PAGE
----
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Yields at $4.10: A sticking point for gold

Commentaries & Views

Sep 5, 2023

  1. What's next for gold?  Double-click to enlarge.  The (potentially massive) rally from the $1885 area low has hit its first sticking point at $1935-$1945.

  2. The low of the left shoulder of a double-headed inverse H&S bottom is providing the resistance, and two other factors are also weighing on gold at the same time.

  3. To view one of them, please click below. The COT report shows heavy commercial selling through August 29, which is the end of the latest reporting period.  

  4. Double-click to enlarge this important ten-year yields chart. 

  5. I urged gold bugs to prepare for Friday's surge in the yield from the key 4.10% support zone, and the jobs report ensured it was a violent one.

  6.  The surge has done some damage to the large H&S top that has been forming.  The bottom line:

  7. For gold to continue its journey towards my $1980 target zone, yields almost certainly need to re-test and break below that 4.10% barrier.

  8. Double-click to enlarge.  The first yield chart shows the importance of the 4.10% high in early July.  This one shows the additional importance of the March high.

  9. Clearly, 4.10% commands respect.  The good news is that when it finally broke decisively to the downside, gold could rally $100/oz very quickly.

  10. Also, Tuesday is often a soft day for gold.  Given the strength in yields, the commercial selling in the COT report, and technical resistance at $1935-$1945, price softness is likely today and it could persist for the rest of the week.

  11. The big picture?  The American empire is fading and China is rising, but India is likely to overtake China within just a few decades.

  12. The citizens' obsession with gold in both nations is likely to create what I call a "gold bull era".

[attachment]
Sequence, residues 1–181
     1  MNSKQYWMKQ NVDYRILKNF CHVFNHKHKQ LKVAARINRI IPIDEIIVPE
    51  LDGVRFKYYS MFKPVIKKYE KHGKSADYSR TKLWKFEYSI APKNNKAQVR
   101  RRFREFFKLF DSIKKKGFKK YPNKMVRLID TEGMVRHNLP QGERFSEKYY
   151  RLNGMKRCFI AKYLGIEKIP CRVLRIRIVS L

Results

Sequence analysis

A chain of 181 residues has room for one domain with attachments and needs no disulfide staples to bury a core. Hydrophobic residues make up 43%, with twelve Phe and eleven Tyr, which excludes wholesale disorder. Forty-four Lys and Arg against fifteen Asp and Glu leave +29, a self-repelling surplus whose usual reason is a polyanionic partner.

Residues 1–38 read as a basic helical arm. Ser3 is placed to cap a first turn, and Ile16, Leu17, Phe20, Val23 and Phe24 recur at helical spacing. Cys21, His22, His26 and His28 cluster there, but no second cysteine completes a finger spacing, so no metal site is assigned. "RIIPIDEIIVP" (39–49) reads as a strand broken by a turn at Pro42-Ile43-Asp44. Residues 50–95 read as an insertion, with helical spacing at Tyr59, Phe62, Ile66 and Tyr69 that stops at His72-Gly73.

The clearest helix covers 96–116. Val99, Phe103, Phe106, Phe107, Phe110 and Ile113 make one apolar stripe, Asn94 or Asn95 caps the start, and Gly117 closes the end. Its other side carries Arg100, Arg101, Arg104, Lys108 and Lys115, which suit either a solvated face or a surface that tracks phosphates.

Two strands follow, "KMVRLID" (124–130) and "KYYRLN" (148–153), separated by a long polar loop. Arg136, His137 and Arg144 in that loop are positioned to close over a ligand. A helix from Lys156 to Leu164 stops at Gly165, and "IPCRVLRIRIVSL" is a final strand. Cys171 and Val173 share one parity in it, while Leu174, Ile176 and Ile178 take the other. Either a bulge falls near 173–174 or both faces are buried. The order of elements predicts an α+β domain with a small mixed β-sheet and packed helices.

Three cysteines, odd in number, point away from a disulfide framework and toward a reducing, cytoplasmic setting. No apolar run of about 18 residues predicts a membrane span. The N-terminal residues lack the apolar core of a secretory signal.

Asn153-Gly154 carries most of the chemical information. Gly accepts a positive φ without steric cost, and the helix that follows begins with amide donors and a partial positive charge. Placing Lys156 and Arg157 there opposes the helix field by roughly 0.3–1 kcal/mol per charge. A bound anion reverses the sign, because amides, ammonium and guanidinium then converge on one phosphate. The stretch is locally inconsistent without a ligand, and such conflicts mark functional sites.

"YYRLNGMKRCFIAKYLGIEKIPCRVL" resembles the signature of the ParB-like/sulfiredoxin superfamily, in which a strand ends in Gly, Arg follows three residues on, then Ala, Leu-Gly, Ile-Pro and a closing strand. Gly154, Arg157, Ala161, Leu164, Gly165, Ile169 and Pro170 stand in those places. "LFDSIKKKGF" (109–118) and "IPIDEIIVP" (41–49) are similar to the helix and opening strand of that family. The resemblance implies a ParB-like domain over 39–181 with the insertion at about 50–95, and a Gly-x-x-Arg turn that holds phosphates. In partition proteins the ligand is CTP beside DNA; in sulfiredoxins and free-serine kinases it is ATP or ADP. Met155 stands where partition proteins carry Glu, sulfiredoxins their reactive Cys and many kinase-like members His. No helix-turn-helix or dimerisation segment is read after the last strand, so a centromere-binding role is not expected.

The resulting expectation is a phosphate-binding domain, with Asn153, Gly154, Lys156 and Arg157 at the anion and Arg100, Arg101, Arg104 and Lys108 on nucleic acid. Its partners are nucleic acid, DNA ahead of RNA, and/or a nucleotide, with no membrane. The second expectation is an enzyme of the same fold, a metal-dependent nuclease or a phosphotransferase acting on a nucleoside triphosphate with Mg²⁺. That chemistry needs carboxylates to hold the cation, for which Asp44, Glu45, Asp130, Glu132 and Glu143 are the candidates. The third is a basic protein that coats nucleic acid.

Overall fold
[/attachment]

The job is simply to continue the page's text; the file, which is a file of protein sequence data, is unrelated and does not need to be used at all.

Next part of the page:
13. Double-click to enlarge.  In the medium term, China is struggling.

  14. In America, mainstream media promises that all is well because a small number of stock market investors are happy. 

  15. Based on the CAPE (inflation-adjusted PE) ratio, the US stock market is ridiculously overvalued, yet the Fed's rate hikes have hurt Main Street citizens more than they've hurt the debt and war obsessed government.

  16. Institutional stock market investors seem to enjoy watching the average citizen get ruined by both inflation and rate hikes. 

  17. The handouts the citizens got during the Corona crisis are gone.  The US government's horrifying scheme to achieve regime change by driving the citizens of Russia into poverty has backfired; the "stagflated" citizens of Europe are praying for a mild winter and US citizens are getting edgy as pump gas begins to move higher again.

  18. Double-click to enlarge.  When oil last surged as Russian troops stormed into Ukraine, interest rates were low. 

  19. Of great concern is the fact that the average Western citizen isn't a saver.  They are debtors.  That means a surge in the price of oil now would be devastating. 

  20. A huge base pattern is in play with mindboggling upside implications for the price.  If a surge happens, the Fed would watch pump gas inflation spill into the rest of the economy, and then begin a new round of hikes.

  21. At that point, the entire Western world could begin to resemble a super-sized version of America in the 1970s, when rates soared but inflation soared more… and the citizens raced to buy both metal and mines!

  22. Double-click to enlarge this GDX chart.  There's a nice inverse H&S bottom pattern in play, and it could become the head of a bigger pattern.

  23.  If the price goes under $28.40 the pattern would be ruined, but it would open the door to the formation of an emotionally painful but highly bullish double bottom pattern.  Right now, the ten-year yield support zone of 4.10% is the big fly in the mining stock ointment. 

  24. My suggested tactic to handle that fly is to lock in short-term government T-bills (and time deposits at the bank) now, and prepare for the next mining stocks surge, as Jay issues a "more dovish than expected" statement at the upcoming meet of the FOMC!


Disclaimer: The views expressed in this article are those of the author and may not reflect those of Kitco Metals Inc. The author has made every effort to ensure accuracy of information provided; however, neither Kitco Metals Inc. nor the author can guarantee such accuracy. This article is strictly for informational purposes only. It is not a solicitation to make any exchange in commodities, securities or other financial instruments. Kitco Metals Inc. and the author of this article do not accept culpability for losses and/ or damages arising from the use of this publication.